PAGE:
CHICAGO - Brazilian meat giant JBS would likely get U.S. antitrust approval if it decides to buy U.S. chicken producer Pilgrim's Pride even though the already concentrated American meat market would lose yet another player.
While buying Pilgrim's Pride would give JBS USA $23.9 billion of sales, within striking distance of No. 1 Tyson with $26.9 billion, the deal would not give JBS enough market power in the chicken business to worry regulators, experts said.
Published reports on Wednesday said JBS is close to a deal to buy Pilgrim's Pride for more than $2 billion. JBS denied it was committed to any deal and Pilgrim's Pride had no comment.
JBS is already the third-largest beef producer, after Tyson and Cargill, and the third-largest pork producer, after Smithfield and Tyson. This deal would make it the second-largest chicken producer, after Tyson, with about 18 percent of the market.
While this would seem to give it considerable clout in the meat market and while consumers may reach for chicken if the price of beef goes up, antitrust regulators think differently.
Meat is not interchangeable. Beef is a market, pork is a market, chicken is a market, said Andre Barlow, an antitrust lawyer with Doyle Barlow and Mazard who believed the deal would win approval by U.S. antitrust regulators.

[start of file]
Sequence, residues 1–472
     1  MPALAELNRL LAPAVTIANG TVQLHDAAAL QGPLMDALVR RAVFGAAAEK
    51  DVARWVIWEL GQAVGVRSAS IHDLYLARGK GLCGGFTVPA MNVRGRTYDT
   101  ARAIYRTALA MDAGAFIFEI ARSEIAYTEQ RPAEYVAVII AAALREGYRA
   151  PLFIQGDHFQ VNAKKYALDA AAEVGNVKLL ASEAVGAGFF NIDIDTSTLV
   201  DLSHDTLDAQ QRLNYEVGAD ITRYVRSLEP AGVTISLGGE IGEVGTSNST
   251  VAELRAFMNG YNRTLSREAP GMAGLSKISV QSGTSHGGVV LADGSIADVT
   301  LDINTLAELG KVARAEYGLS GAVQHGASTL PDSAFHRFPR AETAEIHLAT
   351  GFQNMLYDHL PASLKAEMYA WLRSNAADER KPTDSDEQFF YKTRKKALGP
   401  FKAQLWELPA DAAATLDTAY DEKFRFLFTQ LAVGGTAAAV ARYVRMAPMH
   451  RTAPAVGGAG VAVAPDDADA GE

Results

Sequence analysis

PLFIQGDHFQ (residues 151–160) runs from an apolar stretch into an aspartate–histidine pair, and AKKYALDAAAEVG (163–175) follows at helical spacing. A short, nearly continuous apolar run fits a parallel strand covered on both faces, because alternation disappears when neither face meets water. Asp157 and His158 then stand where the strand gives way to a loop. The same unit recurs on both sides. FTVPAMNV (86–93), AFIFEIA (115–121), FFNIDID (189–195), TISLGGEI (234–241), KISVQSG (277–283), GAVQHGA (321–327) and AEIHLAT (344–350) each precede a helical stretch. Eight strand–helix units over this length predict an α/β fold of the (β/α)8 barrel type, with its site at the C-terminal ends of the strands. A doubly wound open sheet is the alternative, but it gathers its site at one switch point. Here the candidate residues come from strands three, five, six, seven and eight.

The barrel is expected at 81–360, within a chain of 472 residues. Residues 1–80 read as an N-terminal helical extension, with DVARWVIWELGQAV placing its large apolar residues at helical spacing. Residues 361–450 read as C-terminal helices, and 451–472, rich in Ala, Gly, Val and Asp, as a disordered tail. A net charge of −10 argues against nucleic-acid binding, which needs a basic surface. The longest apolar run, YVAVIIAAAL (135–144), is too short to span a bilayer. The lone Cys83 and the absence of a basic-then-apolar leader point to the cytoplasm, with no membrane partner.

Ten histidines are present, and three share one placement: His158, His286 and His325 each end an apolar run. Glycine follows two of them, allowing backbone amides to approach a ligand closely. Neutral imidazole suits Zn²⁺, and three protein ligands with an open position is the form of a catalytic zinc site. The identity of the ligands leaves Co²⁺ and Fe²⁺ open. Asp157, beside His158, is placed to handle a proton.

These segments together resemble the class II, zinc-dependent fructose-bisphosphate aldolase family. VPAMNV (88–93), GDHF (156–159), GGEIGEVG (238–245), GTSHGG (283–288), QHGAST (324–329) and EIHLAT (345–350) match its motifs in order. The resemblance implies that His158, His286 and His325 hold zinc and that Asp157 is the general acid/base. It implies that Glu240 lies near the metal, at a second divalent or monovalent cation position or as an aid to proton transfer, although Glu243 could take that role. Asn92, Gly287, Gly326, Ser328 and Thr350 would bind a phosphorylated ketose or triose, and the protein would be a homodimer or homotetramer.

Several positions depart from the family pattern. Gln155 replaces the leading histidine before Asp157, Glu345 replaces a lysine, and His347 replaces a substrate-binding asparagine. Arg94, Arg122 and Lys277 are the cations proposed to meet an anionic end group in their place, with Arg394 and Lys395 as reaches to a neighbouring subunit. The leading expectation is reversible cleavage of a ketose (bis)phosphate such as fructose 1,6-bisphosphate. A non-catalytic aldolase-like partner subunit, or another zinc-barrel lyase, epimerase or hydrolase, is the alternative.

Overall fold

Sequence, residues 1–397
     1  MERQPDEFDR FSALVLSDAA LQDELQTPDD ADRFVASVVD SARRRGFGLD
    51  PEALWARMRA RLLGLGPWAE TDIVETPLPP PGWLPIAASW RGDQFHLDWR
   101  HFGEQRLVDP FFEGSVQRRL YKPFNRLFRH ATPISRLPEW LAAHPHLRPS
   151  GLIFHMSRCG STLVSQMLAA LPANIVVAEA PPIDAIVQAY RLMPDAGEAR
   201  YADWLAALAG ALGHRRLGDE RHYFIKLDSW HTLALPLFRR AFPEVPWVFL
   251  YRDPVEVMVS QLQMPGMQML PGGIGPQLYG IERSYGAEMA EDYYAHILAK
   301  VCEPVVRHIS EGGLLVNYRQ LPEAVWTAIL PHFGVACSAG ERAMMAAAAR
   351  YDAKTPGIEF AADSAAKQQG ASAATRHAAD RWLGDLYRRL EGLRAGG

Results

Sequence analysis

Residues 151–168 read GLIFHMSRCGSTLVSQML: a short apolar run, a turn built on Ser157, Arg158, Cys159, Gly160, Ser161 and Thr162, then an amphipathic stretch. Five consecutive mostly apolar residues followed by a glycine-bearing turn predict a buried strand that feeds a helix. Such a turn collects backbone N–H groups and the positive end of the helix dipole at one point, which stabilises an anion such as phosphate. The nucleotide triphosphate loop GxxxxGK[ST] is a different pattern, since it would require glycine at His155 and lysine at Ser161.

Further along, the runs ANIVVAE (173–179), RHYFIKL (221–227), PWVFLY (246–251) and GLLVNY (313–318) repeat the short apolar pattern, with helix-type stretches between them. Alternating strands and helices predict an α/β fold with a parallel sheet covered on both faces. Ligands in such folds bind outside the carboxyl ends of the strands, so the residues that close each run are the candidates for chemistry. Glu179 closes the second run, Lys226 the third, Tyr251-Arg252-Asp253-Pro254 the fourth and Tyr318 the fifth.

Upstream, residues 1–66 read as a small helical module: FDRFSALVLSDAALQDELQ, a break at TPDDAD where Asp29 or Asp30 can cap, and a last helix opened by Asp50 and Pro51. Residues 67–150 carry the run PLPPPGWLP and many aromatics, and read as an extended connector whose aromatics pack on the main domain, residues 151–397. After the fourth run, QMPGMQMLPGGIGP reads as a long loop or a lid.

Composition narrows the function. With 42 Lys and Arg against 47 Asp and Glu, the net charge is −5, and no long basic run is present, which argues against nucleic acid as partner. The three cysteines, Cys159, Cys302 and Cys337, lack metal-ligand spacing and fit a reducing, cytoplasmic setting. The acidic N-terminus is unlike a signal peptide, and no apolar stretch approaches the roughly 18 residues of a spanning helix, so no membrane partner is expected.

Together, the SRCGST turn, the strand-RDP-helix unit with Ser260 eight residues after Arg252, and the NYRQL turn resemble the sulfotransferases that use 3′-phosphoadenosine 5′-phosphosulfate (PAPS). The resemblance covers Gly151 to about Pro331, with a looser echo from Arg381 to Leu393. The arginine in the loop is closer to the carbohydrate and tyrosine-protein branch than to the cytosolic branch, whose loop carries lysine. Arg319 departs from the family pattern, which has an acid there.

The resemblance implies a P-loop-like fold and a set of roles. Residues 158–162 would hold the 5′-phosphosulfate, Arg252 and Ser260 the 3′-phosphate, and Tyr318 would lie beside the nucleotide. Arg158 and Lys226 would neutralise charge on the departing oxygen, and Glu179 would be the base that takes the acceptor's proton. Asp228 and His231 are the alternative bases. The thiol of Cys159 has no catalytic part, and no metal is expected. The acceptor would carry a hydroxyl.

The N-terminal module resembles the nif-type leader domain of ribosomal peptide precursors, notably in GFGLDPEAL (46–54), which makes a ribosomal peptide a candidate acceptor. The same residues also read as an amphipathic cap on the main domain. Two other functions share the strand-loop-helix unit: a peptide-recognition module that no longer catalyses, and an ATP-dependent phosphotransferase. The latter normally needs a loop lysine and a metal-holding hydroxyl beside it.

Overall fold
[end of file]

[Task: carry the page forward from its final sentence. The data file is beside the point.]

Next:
John Briggs, an antitrust expert with the law firm Axinn Veltrop Harkrider LLP, agreed. I would be very surprised if that ran into any serious antitrust scrutiny, he said.
Still, regulators could require selective divestiture in areas where JBS is particularly strong, said Richard Brosnick, a New York City-based antitrust attorney with Butzel Long.
The exception is that there may be isolated markets. There may be a pocket of the country that these distributors (JBS and Pilgrim's Pride) have 60 or 70 percent of the meat market, said Brosnick.
PRICE SEEMS REASONABLE
The reported $2 billion-plus price that JBS would likely pay for Pilgrim's Pride drew approving comments.
They could pay off the bonds and the notes and even give Bo (Pilgrim) a couple of million, said Paul Aho, an economist with the consulting firm Poultry Perspective. Bo Pilgrim is senior chairman of Pilgrim's Pride.
U.S. livestock and poultry industries have lost money this past year, hurt by high feed and fuel prices and by slow meat sales, said Ron Plain, University of Missouri agricultural economist.
There are a number of livestock and poultry firms that have lost a lot of money and are ripe to buy, said Plain.
Pilgrim's Pride filed for bankruptcy in late 2008 because of such pressures and as it was burdened by debt from its purchase in late 2006 of Gold Kist Inc.
The idea of JBS, which is primarily a beef company, buying a chicken company still has some people scratching their heads.
I'm surprised at this potential move by JBS because they have always given the indication that they are going to focus primarily on the beef industry, said Steve Kay, editor of Cattle Buyers Weekly. Buying an extremely large poultry company would take them totally out of their comfort zone in operational terms.
Pilgrim's Pride shares closed up 27 cents, or 5.24 percent, at $5.42 in Pink Sheet trading. In Brazil, JBS shares were up 14 cents, or 1.8 percent, at $7.87 (Editing by Christian Wiessner and Steve Orlofsky)